Statement of EarthRights General Counsel Marco Simons
December 1, 2020, Washington, D.C — Today, the U.S. Supreme Court heard Nestlé USA Inc. v. John Doe 1 and Cargill Inc. v. John Doe 1, which accuse U.S.-based Nestlé and Cargill of benefiting from, and abetting, child labor on cocoa plantations in West Africa. The plaintiffs allege that as 12-to-14-year-olds, they were trafficked from Mali to Côte d’Ivoire, where they were enslaved on cocoa farms and forced to work without pay for up to 14 hours a day, six days a week. They are suing Nestlé and Cargill, who sourced cocoa from those farms, under the Alien Tort Statute (ATS). EarthRights International, which submitted an amicus brief in support of the plaintiffs last month, today issued the following statement from its General Counsel, Marco Simons:
“Today, Nestlé and Cargill claimed that they cannot be sued for child slavery because they are corporations. But corporations have a long track record of claiming that they are ‘persons’ when it suits them. They can’t have it both ways. Corporations do not get immunity from lawsuits for ordinary harms like negligence. They should not be entitled to immunity for the most serious human rights violations.
“The Justices seemed to recognize the far-reaching implications of these companies’ arguments. Justice Alito, for example, suggested that these arguments would ‘lead to results that are pretty hard to take.’ Justice Kavanaugh, noting that legal scholars indicated that the companies’ position would ‘gut’ the ATS, asked, ‘why should we do that?’ We, therefore, hope that the Supreme Court recognizes that holding corporations liable for serious human rights abuses is an important principle.
“Nestlé and Cargill have both pledged to eliminate slave labor from their supply chains but admit they have not met that goal. Neither company has compensated the victims whose labor they benefited from. The majority of the world’s cocoa supply – 70 percent – is grown in West Africa, supplying vast amounts to companies like Nestlé and Cargill. The U.S. State Department, the International Labor Organization, and UNICEF, among others, have documented the existence of child slavery in Côte d’Ivoire. A recent report commissioned by the U.S. Department of Labor report found that child labor among agricultural households in cocoa-growing areas of Côte d’Ivoire and Ghana actually increased from 31 percent to 45 percent between 2008 and 2019.
“As leading manufacturers of chocolate, Nestlé and Cargill hold vast influence over the industry and should be leading by example. Instead, these plaintiffs allege, they abetted the abuse: The corporations were major buyers of cocoa from these plantations, holding exclusive contracts and regularly providing logistical support, training, and supplies; they knew about, benefited from, and had the power to stop the abuse.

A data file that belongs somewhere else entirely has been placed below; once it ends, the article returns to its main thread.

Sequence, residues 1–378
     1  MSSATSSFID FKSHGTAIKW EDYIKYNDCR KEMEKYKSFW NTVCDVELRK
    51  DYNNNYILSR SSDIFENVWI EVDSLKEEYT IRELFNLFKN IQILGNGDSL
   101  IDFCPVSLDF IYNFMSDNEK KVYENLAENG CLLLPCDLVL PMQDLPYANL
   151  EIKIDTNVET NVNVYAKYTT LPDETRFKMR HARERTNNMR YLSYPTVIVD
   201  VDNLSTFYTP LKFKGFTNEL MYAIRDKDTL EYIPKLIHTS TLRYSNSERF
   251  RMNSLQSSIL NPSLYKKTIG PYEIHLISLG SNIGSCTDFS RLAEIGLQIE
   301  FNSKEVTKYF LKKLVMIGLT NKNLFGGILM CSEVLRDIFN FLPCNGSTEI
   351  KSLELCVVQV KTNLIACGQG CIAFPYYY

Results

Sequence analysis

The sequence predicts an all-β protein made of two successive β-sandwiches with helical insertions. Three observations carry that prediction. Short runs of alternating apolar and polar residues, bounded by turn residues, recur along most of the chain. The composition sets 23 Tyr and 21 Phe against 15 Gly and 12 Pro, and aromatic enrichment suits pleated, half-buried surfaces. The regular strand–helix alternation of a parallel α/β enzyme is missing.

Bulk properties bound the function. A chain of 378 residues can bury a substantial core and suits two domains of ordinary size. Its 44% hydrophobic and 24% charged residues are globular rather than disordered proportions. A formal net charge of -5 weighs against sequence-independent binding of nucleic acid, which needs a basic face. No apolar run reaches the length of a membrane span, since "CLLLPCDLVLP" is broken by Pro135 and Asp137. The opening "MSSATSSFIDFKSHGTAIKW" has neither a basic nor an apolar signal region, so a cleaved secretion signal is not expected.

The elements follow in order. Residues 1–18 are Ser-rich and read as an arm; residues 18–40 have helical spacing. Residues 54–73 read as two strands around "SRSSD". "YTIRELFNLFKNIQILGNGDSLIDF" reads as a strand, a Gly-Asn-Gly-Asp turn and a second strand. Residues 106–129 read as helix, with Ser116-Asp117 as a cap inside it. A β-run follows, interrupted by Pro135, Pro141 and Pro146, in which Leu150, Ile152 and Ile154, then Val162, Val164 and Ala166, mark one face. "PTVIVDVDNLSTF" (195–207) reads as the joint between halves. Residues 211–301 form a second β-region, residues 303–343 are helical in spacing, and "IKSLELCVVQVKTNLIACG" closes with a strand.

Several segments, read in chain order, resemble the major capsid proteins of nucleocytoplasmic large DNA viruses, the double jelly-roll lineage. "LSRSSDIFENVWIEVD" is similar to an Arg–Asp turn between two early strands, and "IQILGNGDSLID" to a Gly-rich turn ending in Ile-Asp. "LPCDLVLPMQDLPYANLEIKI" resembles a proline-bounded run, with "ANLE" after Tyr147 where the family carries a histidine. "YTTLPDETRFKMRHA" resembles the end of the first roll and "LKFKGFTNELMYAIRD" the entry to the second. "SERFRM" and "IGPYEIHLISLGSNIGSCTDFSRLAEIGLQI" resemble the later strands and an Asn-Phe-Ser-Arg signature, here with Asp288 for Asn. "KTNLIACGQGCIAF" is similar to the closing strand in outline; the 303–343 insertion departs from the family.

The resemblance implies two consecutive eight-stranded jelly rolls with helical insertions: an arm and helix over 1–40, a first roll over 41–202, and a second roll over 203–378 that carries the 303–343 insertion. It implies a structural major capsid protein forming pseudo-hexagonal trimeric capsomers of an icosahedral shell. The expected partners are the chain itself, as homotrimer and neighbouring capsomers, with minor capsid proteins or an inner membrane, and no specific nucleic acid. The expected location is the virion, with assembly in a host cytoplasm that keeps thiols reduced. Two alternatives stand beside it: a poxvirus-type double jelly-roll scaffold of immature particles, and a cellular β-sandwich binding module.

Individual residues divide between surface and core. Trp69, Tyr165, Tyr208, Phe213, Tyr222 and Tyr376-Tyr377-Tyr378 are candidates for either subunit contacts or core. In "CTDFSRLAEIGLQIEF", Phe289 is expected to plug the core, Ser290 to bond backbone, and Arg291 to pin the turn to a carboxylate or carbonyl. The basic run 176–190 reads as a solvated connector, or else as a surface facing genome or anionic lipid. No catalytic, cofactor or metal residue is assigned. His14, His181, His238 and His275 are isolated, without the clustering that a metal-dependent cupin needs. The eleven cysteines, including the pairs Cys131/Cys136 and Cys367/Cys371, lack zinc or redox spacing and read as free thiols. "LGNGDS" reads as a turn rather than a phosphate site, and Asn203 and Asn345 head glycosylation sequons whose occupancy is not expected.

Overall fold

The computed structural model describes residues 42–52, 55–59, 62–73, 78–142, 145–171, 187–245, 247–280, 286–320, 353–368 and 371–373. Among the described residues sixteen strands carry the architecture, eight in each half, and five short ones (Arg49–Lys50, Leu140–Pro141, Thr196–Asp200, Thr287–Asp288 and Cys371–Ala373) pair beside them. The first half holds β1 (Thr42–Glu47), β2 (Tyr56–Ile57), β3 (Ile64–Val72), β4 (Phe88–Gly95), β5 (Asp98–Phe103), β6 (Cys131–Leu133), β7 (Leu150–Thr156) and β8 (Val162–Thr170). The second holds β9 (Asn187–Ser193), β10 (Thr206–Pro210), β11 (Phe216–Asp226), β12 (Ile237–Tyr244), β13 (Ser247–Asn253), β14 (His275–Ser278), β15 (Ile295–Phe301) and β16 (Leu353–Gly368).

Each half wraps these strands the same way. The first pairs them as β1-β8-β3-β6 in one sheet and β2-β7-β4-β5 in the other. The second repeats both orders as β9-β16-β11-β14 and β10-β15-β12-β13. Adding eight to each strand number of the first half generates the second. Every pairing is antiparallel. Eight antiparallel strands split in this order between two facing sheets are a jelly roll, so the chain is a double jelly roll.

“In an earlier slave labor case against a corporation, respected conservative Judge Richard Posner observed that ‘Businesses in countries that have and enforce laws against child labor are hurt by competition from businesses that employ child labor in countries in which employing children is condoned.’ Other chocolate companies echoed that concern here. In October, Corporate Accountability Lab filed two amicus briefs on behalf of nineteen cocoa and chocolate companies, all of which asserted that it is unethical for companies to profit from cocoa produced with forced child labor. These companies have structured their operations to only use slave-free cocoa. If they can do it, so can Nestlé and Cargill.
“The outcome of the combined cases will have profound implications for future victims of human rights abuses seeking justice against business in U.S. courts. A victory for Nestlé and Cargill would set a dangerous precedent, moving corporations one step closer to total impunity for profiting from human rights abuses.
“We urge the U.S. Supreme Court to deliver justice to plaintiffs suing Nestlé and Cargill for their role in this abuse. Doing so would send a clear message to corporations that they can’t expect to profit from human rights violations and get away with it. The court should reject Nestlé and Cargill’s claims and their blatant attempt to gut the Alien Tort Statute.”
In 2005, with the help of the U.S. NGO International Rights Advocates (IRA), the plaintiffs – who have used pseudonyms for safety reasons – sued Nestlé USA and Cargill in U.S. courts. The U.S. Court of Appeals for the Ninth Circuit ruled in October 2018 that Nestlé and Cargill couldn’t avoid the lawsuits. In July 2020, The U.S. Supreme Court agreed to hear the cases at the request of the two companies, the Trump administration, and the U.S. Chamber of Commerce, among others. In October, EarthRights and over a dozen other advocacy groups, legal scholars, former government officials, and responsible businesses filed amicus briefs in support of the plaintiffs. In addition to IRA, the plaintiffs are represented by Paul Hoffman of Schonbrun Seplow Harris Hoffman & Zeldes LLP, who argued the case at the Supreme Court today. Nestlé and Cargill were represented at the Supreme Court by attorney Neal Katyal.
Kate Fried, EarthRights International